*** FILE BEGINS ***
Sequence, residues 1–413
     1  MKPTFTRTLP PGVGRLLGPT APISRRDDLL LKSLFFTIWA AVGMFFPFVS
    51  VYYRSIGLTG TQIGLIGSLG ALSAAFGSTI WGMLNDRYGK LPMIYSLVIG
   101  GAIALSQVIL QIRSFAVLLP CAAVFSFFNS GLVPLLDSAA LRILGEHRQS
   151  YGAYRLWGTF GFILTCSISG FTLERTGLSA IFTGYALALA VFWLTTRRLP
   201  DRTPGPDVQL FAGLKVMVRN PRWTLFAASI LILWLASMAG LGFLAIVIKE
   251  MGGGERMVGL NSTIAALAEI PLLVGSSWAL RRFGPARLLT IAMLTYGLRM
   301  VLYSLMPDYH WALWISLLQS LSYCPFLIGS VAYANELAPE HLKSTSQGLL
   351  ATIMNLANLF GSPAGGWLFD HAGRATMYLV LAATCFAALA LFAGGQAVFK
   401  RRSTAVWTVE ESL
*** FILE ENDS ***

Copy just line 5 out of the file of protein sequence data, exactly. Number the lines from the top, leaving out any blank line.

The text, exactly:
   151  YGAYRLWGTF GFILTCSISG FTLERTGLSA IFTGYALALA VFWLTTRRLP